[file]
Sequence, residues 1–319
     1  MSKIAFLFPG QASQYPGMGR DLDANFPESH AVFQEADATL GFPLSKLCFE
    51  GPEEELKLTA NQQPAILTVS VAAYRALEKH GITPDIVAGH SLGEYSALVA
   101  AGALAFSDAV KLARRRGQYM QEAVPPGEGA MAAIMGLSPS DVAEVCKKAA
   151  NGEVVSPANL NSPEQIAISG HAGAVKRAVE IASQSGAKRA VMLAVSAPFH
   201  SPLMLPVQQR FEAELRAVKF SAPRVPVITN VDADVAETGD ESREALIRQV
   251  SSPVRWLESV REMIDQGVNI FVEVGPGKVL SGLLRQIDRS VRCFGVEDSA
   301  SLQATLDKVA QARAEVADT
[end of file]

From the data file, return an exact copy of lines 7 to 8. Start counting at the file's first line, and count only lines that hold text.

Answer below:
   251  SSPVRWLESV REMIDQGVNI FVEVGPGKVL SGLLRQIDRS VRCFGVEDSA
   301  SLQATLDKVA QARAEVADT